Laura Pedersen, a young woman barely out of high school, describes how she found herself in the surreal, carnival-like atmosphere of the "pit," on the trading floor of the American Stock Exchange. Aged eighteen, Pedersen was learning the ropes where the real trading is done. Just a year later, she was trading millions of dollars' worth of options and futures and coping with the male-dominated world of The Pit. Daily she learned to live with brutal practical jokes, torn clothes, deafening noise, and nakedly aggressive behavior that is the essence of finance under combat conditions. By turns hilarious and frightening, Pedersen's account blows the lid off the Decade of Greed. Every day is profoundly nerve-racking, as she must make split-second decisions that could cost her company millions. In PLAY MONEY the reader experiences firsthand the panic and desperation following the crash of 1987. Pedersen also reveals the overheated manic mixture of greed, cunning, sex, cynicism, and compulsion that lies behind the market's orderly facade, and tells how she made her first million dollars before she was twenty-two. PLAY MONEY shows as never before how unwary investors stuffed money into a volcanic Cuisinart. It's shocking, unforgettable, and true. More info at www.LauraPedersenBooks.com KIRKUS REVIEWS (starred review) PLAY MONEY: My Brief But Brilliant Career on Wall Street The sassy memoirs of a still-young woman who had a short and bittersweet but financially rewarding career as an index options trader at the American Stock Exchange. Having quite the University of Michigan after just one semester, Pedersen headed for Wall Street. Starting as an ASE clerk at age 18 in January 1984, she earned a partnership in a specialist firm (and an exchange membership) shortly after turning 20. By the time the author left the Amex late in 1989 (within days of the market’s second precipitous break in two years), her annual income was close to $500,000. Physically and mentally, however, she qualified as a basket case, with badly strained vocal cords, impaired hearing, jumpy vision, chronically sore feet, a wealth of vague anxieties, and an attention span that could most charitably be described as transient. Here, Pedersen (who pinched pennies to maximize her investment bankroll) offers some good yarns about the lessons learned by an Upstate New York lass while apartment-hunting in Manhattan. She also provides pointed commentary on casino capitalism during the Reagan era. At the heart of her narrative, though, are antic accounts of the manic goings-on in the ASE’S trading pits. In addition to making split-second judgment calls on contracts that could yield her employer substantial profits or losses, Pedersen had to cope with unsparing competition from male-chauvinist rivals (and their insensitive pranks), the nearly unbearable din of the trading floor, and other allied challenges. She nonetheless kept her wits and prevailed to the extent that she escaped with her life, comparatively good health, and a small fortune. A savvy insider’s vastly entertaining line on aspects of the money game. Pedersen is also author of GOING AWAY PARTY, BEGINNER'S LUCK, HEART'S DESIRE, THE BIG SHUFFLE, LAST CALL, THE SWEETEST HOURS, and BUFFALO GAL.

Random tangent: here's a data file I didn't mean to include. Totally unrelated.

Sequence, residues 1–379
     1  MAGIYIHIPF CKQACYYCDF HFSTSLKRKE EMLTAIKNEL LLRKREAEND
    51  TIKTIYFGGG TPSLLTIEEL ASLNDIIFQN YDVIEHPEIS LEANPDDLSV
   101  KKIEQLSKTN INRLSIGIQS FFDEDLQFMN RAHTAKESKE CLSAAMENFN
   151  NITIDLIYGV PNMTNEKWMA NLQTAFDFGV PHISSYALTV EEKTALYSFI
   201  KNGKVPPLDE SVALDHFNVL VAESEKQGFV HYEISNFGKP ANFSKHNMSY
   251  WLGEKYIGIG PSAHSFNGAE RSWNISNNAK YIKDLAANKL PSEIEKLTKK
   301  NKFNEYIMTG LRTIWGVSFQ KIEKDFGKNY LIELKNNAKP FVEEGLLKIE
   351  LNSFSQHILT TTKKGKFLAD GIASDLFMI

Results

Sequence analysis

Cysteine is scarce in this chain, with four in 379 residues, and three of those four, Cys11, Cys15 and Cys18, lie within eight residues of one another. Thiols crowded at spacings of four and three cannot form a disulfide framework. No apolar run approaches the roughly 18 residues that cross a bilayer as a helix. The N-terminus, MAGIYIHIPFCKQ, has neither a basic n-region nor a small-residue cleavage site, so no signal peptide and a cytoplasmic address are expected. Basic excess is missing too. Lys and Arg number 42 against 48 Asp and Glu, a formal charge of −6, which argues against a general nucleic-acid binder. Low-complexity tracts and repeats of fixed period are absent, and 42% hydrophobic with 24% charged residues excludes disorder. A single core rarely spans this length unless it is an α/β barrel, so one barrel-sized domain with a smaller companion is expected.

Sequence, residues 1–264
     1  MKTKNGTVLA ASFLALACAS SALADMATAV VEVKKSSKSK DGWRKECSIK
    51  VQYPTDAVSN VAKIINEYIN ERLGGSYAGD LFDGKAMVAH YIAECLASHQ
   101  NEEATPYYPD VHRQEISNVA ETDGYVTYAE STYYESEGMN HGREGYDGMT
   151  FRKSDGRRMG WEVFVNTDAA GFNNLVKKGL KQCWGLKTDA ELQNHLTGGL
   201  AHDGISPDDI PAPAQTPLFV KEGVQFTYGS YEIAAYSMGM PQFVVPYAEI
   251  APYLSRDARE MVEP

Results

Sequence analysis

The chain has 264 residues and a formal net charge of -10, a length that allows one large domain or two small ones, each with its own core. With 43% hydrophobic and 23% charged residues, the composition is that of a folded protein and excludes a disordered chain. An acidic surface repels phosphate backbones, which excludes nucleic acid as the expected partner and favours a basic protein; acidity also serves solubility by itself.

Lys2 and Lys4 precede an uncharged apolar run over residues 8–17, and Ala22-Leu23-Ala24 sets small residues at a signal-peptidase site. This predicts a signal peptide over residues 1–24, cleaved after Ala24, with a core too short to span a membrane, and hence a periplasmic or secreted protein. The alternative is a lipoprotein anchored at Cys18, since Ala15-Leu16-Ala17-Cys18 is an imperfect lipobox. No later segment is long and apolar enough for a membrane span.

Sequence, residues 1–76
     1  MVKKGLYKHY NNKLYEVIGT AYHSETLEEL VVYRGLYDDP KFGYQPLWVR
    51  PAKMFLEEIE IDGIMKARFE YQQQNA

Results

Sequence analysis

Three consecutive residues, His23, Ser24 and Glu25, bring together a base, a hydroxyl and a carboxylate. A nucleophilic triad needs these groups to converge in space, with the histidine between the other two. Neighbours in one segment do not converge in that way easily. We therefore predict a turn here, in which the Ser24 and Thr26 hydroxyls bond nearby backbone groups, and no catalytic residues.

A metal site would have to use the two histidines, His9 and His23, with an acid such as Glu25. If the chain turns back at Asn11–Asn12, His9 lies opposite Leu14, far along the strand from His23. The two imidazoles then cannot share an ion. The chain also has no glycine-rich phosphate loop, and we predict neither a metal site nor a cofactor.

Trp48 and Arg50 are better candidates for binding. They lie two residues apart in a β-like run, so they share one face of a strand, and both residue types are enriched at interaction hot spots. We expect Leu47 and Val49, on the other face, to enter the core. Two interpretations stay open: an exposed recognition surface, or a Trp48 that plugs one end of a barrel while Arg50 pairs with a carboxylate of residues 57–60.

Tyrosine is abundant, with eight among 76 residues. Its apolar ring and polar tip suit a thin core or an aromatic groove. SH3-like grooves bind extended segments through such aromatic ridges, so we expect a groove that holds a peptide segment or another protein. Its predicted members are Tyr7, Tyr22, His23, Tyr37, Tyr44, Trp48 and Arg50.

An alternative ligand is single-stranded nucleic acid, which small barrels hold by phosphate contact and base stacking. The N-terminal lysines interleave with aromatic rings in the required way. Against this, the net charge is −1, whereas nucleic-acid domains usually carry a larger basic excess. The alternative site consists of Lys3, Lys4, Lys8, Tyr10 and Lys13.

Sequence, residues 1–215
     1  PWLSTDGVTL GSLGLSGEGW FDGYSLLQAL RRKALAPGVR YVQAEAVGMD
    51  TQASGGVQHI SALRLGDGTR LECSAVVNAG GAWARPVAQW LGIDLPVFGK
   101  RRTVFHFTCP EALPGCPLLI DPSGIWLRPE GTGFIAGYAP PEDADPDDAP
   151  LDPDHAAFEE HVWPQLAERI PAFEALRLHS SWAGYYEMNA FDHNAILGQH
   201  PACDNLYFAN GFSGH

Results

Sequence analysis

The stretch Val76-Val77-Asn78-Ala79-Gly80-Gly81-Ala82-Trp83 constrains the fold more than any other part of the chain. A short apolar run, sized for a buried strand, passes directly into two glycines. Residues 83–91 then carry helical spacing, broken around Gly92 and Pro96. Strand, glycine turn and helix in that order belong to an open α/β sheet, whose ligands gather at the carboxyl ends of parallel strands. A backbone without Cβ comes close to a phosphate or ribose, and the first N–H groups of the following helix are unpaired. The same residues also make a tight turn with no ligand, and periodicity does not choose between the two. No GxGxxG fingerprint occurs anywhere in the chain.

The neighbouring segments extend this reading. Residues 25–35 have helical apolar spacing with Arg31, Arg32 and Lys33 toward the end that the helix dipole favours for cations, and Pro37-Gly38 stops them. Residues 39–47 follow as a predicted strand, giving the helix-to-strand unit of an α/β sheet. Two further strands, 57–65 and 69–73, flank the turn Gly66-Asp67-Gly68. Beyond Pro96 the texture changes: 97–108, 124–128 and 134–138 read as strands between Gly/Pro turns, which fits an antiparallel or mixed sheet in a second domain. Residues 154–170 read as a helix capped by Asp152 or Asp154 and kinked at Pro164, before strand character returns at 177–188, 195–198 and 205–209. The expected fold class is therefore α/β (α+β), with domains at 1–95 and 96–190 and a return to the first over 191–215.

"synopsis" may belong to another edition of this title.
Twenty-five-year-old Pedersen here recounts her five years' experience on the American Stock Exchange as an index options trader. By 22 she claims to have been a millionaire. By age 24 she quit because of the wear and tear on her voice and hearing. An example of her rapacious attitude: she crows that at age 13 during a blizzard she sold her own mother 50? canned corn for $3. What else does the reader learn? Not much about actual options trading, but a lot about options traders being prone to the same juvenile pranks ("one favorite pastime was pie throwing") and humor (rubber vomit) as any group. Those who enjoyed Michael Lewis's Liar's Poker ( LJ 9/1/89) might go for this female version. On the whole, though, these "memoirs" are too shallow to concern most readers.
- Alex Wenner, Indiana Univ. Libs., Bloomington
Copyright 1991 Reed Business Information, Inc.
Pedersen, who in 1984 at age 18 began her Wall Street career as an AMEX options clerk, here attributes her success as an index trader (she became a millionaire by age 22) to her ability to "scream loud, jump high, think fast and count without using her fingers." Along with a hilarious account of her personal adventures, this incisive, anecdotal narrative, written with freelancer Model, affords a front-line view of market operations and what it was like to risk vast sums daily under the physically hazardous conditions of the madhouse options trading floor during the heady days of the "Roaring Eighties." Now a traveling lecturer, Pederson claims that global electronic trading will soon replace floor brokers and traders.
Copyright 1991 Reed Business Information, Inc.
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Book Description Crown, 1991. Hardcover. Book Condition: New. Bookseller Inventory # DADAX0517582279
Book Description Crown, 1991. Hardcover. Book Condition: New. book. Bookseller Inventory # M0517582279
Book Description Crown, 1991. Hardcover. Book Condition: New. Never used!. Bookseller Inventory # P110517582279
Book Description Crown. Hardcover. Book Condition: New. 0517582279 New Condition. Bookseller Inventory # NEW7.1128142